plex Turning. Five out of seven existing services are used to compose the agent.
   As seen in the center of Figure 5, the Demo-Ship is about to have a direct collision
with another ship, “Tokyo Express”. The ship uses its current VP agent to build a
new voyage plan that won’t collide with any obstacles. The new VP is determined by
the agent. As the situation changes in the environment, new services become available
(Infra-Red Camera, X-Band Radar) and some of the old services become unavailable
(Laser Range Finder, S-Band Radar). This causes MPAC to prepare a new agent blue-
print by performing meta-planning with the currently available services. The JSHOP
planner took the list of available services as denoted on the left side of Figure 6, and
created a new voyage plan agent’s blueprints. Figure 6 shows the result of running
MPAC to solve the collision avoidance problem of Figure 5. The new agent in Figure
6 uses a different set of services: X-Band Radar  Fathometer  Channel Follower
 Infra-Red Camera  AIS  Simple Turning.
This new voyage plan agent was immediately composed by the agent composer of
MPAC. The agent composer took this blueprint of services and created a new EMAA
agent with the informational land collision, and route crossing services as well as the
EMAA tasks that performed voyage planning. The new agent was instructed to begin
executing immediately. The result of executing the new agent can be shown in the
center of Figure 6; the Demo-Ship has successfully plotted a new course around the
oncoming threat of the ship, “Tokyo Express”.
        Fig. 6. The result of creating a new voyage plan agent and invoking it.




6    Conclusions

We have developed a novel method (named MPAC) for agent composition from se-
mantically described web-services and tasks. MPAC performs dynamic, on-the-fly
agent composition from available services semantically described and registered in our
service registry. MPAC is becoming increasingly important as the semantic web’s
data sources evolve. The agent’s blueprint is built by a planner that performs meta-
planning using backward chaining over the input and output types of the services.
Agents built by MPAC are flexible, easy to rebuild and reconfigure should their com-
ponents change. Additionally, if the user requires new agents that perform other goals
in the same domain, MPAC can easily create these dynamic agents to solve goals
based on the client’s requirements. The semantic web ushers in a whole new era of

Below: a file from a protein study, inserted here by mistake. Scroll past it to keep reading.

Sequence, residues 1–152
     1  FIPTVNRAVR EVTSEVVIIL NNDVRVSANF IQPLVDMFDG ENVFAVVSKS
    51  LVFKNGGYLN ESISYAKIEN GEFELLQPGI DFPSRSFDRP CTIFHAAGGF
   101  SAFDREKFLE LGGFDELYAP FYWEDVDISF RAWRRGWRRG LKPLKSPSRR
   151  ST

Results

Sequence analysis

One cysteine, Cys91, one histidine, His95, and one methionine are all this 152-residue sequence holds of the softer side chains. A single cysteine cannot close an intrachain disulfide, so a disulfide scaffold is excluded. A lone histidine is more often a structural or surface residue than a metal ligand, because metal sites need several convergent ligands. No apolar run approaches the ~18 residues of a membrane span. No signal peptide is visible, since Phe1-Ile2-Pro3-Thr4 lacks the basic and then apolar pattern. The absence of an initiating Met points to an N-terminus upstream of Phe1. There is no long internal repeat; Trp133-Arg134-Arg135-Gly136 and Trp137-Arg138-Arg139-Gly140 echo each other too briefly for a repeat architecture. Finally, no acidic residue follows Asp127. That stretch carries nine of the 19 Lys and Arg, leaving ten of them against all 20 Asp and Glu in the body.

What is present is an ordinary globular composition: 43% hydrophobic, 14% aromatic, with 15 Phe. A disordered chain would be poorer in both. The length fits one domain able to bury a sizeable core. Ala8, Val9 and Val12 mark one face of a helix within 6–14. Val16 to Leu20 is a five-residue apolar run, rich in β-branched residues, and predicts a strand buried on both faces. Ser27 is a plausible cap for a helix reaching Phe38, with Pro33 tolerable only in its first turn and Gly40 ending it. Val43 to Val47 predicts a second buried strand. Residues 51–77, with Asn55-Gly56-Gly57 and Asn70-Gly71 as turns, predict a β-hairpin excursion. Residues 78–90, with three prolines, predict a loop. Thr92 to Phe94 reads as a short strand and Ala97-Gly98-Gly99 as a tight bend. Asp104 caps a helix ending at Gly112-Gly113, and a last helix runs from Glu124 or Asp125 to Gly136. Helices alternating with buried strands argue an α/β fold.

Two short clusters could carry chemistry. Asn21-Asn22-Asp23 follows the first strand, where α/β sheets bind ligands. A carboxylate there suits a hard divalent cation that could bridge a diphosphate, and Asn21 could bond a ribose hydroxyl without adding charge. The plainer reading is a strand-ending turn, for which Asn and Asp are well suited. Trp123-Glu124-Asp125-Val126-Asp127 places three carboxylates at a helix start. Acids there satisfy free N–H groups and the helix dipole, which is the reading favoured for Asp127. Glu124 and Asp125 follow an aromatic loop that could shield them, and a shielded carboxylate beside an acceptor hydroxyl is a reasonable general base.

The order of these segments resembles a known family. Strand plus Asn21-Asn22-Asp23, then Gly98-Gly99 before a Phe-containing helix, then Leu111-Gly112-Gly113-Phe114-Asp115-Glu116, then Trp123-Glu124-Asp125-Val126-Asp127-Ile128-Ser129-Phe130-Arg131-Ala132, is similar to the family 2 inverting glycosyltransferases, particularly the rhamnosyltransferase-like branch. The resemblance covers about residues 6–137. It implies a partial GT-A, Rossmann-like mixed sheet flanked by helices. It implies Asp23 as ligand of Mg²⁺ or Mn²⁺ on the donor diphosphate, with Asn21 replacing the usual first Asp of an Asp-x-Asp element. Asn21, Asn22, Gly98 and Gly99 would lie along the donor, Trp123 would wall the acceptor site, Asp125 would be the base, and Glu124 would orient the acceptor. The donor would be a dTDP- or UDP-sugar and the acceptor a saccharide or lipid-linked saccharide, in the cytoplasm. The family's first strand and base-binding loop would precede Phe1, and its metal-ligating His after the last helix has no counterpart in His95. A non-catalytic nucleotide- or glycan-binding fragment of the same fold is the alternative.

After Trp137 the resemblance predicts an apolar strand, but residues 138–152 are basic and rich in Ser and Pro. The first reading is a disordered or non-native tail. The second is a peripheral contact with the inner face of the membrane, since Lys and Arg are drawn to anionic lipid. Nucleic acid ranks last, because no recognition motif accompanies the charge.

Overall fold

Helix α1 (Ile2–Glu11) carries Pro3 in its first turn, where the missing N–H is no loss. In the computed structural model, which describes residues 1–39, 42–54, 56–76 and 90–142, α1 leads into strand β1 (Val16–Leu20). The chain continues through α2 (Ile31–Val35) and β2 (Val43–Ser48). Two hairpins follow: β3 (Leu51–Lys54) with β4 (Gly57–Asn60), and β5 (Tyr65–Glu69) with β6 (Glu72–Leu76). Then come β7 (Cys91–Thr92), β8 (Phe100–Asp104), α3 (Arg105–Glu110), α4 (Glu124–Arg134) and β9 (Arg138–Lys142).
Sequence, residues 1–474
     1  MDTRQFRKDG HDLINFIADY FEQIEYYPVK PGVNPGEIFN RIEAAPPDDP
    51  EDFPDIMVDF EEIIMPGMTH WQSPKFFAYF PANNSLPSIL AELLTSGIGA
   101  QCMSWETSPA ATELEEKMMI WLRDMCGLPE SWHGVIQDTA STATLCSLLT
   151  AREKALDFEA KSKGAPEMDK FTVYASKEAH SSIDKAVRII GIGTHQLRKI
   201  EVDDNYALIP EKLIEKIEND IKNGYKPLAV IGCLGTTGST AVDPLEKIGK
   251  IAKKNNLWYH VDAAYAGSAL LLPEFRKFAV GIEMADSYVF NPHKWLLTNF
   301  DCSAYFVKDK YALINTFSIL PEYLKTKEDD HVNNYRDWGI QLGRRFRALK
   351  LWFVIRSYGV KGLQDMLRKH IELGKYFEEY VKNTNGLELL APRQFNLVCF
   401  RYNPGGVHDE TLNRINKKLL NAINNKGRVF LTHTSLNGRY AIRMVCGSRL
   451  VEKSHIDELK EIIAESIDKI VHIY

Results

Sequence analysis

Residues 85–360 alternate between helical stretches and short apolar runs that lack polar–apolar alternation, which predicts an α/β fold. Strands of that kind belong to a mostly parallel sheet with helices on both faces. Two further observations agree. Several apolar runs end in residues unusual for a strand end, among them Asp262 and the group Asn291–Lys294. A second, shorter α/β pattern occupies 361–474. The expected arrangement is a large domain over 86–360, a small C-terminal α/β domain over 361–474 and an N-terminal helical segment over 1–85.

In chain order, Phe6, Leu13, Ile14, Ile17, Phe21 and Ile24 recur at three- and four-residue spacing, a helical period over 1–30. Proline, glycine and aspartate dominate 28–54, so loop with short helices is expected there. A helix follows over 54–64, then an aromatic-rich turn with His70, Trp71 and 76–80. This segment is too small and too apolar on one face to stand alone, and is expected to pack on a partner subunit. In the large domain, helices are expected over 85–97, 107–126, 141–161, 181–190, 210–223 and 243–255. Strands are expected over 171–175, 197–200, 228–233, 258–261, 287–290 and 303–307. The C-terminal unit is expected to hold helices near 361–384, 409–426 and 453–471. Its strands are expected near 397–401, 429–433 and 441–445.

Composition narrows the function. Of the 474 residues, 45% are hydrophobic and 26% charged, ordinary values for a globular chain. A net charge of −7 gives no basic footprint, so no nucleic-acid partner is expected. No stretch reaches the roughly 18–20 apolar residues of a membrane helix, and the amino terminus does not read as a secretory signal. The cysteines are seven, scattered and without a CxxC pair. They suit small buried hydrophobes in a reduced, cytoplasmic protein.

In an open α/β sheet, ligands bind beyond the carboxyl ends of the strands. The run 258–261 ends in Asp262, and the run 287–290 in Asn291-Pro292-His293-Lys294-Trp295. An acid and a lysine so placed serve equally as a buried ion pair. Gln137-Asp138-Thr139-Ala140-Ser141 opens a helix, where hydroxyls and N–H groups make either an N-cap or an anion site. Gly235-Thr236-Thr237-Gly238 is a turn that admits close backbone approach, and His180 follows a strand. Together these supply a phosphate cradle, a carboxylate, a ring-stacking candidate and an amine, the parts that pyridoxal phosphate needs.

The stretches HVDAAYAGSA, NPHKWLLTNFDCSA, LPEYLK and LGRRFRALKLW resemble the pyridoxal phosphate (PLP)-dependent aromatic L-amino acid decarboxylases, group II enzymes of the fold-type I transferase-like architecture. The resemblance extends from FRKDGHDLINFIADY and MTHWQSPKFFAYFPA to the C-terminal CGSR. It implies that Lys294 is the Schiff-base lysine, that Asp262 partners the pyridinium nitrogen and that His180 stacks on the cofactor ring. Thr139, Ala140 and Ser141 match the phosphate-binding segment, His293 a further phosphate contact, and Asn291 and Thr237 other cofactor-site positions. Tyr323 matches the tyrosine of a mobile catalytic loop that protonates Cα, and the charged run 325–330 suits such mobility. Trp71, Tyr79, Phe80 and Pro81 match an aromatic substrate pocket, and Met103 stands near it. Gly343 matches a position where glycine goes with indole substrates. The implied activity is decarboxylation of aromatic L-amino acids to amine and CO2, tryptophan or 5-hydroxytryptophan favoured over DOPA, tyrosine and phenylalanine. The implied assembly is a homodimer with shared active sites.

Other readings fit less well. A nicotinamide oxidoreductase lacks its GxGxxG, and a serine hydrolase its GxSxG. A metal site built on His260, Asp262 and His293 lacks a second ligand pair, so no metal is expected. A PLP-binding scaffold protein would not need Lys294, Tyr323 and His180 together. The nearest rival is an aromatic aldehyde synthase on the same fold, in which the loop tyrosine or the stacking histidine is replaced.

service use. Massively distributed services across the internet can connect through
agent architectures using MPAC.


7    Future Work

MPAC has a number of limitations, mentioned below, that need to be addressed in
future research:
 Our approach assumes only one service locator, but multiple service locators can
  exist all across the semantic web. Each could be queried whenever MPAC is look-
  ing for candidate services.
 When domains become too large, it is difficult for a service locator to discover
  services that are of use to the meta-planner. Simply looking for services that have
  something to do with “cargo ships” and “databases” might yield hundreds if not
  thousands of services. Even though OWL-based taxonomies that describe “cargo
  ships” and “databases” might exist, hundreds of services might be doing things that
  the meta-planner should not be interested in. To address this problem a MatchMaker
  is needed similar to the one developed by Sycara et al. at CMU [7].
 Our service locator works primarily off of a service’s inputs and outputs, and ne-
  glects the important preconditions and effects. The approaches discussed in Section
  2 all work with preconditions and effects through reasoning systems.
 A backward-chaining meta-planner only creates agent blueprints that are sequential.
  The OWL-S process model allows for more complicated agent blueprints that in-
  volve control constructs such as if-then-else, iterate, and split+join. As a result,
  MPAC could benefit from more powerful planning techniques to dynamically com-
  pose semantic agents with arbitrary control constructs.
 The blueprints generated by the meta-planner could be made into their own OWL-S
  services. Blueprints have no specific ties to EMAA until they are given to the agent
  composer. MPAC could create an OWL-S service description of an agent and pub-
  lish it to the internet as another available semantic web service.


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Acknowledgements

We thank Vera Zaychik from ATL for the initial work on the meta-planner for our
MPAC prototype. We would like to acknowledge the use of the DAML-S to J-SHOP
translator provided to us by Professor James Hendler from the University of Maryland
and the several fruitful discussions that we had with him and his MindLab team. Our
sincere thanks go also to Mike Orlovsky from LM MS2 for his help in definition of
the maritime domain scenario.